Alaska Bat Removal

Alaska bats have not yet been determined that their true distribution of Alaska bat species in Southeast Alaska is well known. In fact, there is currently little information regarding population trends or annual variations in Alaska bat activity as of today. Therefore, there is a need to better document the present distribution of Alaska bat species, as well as the relationship between Alaska species and Alaska habitat. Previous studies have taken advantage of the Alaska sounds emitted by Alaska bats to attempt to detect and differentiate species.

Normally the high-frequency sounds being produced by echolocating Alaska bats is a sound that is inaudible to humans. But using special Alaska microphones and recording equipment, Alaska researchers have been able to detect and record these sonic pulses, though Alaska studies have been limited by brief observation periods and sensor limitations. 

The objective of the Alaskan research has been to build and field test a better Alaska bat detector using small, low power Alaskan computers.

Traditionally, an Alaska acoustical survey of bats would be made using a system such as an Alaskan Anabas. This Alaska system uses a time delay in order to slow down the high-frequency bat calls and translate them to the frequency range of Alaska human hearing. This allows the use of standard audio cassette recorders (and other audio equipment) at a significant decrease in costs.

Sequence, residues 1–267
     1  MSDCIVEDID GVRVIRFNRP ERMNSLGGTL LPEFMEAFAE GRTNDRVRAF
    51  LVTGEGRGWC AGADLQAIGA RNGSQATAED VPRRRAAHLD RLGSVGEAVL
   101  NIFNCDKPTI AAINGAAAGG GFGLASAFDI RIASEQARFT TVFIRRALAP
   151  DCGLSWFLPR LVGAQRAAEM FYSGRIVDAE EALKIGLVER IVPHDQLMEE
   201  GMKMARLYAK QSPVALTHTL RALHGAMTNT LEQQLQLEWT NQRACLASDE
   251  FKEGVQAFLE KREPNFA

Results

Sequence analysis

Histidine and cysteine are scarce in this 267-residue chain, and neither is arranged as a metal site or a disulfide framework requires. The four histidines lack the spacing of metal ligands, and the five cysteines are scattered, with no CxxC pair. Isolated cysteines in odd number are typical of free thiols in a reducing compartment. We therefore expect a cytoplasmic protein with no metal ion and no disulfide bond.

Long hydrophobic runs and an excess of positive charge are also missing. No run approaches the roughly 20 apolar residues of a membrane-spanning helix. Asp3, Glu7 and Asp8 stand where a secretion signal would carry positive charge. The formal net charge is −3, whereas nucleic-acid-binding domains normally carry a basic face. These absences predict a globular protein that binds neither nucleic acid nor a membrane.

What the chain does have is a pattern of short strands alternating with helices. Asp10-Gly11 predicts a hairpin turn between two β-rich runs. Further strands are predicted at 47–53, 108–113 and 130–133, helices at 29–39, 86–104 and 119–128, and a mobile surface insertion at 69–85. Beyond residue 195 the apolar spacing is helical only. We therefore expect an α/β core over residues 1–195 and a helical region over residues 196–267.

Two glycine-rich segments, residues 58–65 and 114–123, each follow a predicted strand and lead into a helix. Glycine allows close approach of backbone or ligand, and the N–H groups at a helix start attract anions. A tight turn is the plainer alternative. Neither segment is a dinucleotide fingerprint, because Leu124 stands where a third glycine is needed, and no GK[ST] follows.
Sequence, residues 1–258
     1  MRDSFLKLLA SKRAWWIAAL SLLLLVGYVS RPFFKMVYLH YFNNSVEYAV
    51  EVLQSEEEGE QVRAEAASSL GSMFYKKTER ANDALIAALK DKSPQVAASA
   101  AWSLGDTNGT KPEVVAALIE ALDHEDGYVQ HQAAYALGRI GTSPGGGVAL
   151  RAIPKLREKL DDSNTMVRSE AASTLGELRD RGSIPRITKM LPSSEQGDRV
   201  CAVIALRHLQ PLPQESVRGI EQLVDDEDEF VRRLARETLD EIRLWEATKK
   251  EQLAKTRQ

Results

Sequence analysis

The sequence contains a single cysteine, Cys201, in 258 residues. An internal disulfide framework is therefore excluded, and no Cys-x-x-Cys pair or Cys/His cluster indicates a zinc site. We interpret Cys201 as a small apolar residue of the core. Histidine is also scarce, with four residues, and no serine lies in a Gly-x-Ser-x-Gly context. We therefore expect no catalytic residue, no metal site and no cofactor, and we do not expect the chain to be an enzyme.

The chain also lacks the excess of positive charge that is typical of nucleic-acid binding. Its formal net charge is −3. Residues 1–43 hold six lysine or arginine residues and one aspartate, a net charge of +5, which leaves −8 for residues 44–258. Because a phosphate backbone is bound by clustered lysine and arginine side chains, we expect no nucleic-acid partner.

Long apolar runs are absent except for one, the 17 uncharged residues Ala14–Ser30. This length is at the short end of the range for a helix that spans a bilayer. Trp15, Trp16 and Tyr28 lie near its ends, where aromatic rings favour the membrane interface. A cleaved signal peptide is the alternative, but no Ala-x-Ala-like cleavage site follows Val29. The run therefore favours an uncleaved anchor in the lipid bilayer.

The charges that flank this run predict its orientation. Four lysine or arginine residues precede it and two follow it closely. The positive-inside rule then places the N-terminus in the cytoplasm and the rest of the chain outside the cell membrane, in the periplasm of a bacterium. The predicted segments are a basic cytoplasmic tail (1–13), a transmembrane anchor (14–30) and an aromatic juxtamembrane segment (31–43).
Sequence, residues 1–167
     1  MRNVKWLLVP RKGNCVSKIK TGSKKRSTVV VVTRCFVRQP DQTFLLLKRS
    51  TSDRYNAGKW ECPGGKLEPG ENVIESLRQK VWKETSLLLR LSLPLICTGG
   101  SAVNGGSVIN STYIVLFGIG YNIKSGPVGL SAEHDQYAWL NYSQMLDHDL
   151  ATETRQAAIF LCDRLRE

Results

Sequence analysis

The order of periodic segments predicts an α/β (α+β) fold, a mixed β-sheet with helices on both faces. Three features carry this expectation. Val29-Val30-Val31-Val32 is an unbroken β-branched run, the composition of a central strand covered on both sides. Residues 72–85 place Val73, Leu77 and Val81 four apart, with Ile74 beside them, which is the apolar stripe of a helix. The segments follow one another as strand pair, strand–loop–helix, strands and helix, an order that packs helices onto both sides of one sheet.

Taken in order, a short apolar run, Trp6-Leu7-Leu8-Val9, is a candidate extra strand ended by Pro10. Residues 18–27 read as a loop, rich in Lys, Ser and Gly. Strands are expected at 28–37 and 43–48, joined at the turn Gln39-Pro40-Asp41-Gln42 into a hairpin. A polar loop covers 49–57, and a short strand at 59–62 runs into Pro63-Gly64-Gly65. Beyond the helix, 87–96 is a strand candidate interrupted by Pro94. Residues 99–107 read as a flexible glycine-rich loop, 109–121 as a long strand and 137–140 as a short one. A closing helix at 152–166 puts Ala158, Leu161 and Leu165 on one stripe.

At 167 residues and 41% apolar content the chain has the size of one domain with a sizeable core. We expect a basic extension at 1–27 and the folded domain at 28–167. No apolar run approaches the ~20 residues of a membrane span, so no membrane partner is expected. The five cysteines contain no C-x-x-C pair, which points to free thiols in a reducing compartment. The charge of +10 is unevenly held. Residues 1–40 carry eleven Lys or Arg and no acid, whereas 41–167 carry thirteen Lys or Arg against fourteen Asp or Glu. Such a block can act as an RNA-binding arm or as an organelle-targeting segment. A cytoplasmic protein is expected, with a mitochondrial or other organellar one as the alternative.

The study is currently in development of an Alaska system that uses a microphone plugged directly into a small computer. Once triggered by an Alaska bat call, the computer will continuously digitize audio signals, as well as identify all Alaskan bat activity. The study group is also working to develop software to differentiate between species of Alaska bat.

A preliminary Alaskan investigation into the differentiation of Alaska species by recorded bat calls was conducted in 2004. This study took advantage of a 1993 survey of Alaskan bats in Alaska, conducted by Doreen Parker-McNeil and collaborators. This group used the Anabas along with a tape control unit and a voice activated Alaskan cassette recorder.

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